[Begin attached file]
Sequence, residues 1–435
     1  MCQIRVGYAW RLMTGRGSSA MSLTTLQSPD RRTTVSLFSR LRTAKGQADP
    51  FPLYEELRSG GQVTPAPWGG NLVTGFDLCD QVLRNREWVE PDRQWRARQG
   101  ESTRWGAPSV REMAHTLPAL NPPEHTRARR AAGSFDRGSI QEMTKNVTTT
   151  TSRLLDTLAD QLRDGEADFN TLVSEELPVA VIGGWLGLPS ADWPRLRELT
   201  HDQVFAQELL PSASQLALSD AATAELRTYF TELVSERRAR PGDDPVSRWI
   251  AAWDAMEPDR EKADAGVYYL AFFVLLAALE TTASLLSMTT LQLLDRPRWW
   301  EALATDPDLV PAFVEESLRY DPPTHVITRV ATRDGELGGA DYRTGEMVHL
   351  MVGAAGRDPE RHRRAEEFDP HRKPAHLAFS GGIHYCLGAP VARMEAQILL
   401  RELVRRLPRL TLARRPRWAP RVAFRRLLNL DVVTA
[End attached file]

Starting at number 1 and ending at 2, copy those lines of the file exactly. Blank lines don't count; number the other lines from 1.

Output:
Sequence, residues 1–435
     1  MCQIRVGYAW RLMTGRGSSA MSLTTLQSPD RRTTVSLFSR LRTAKGQADP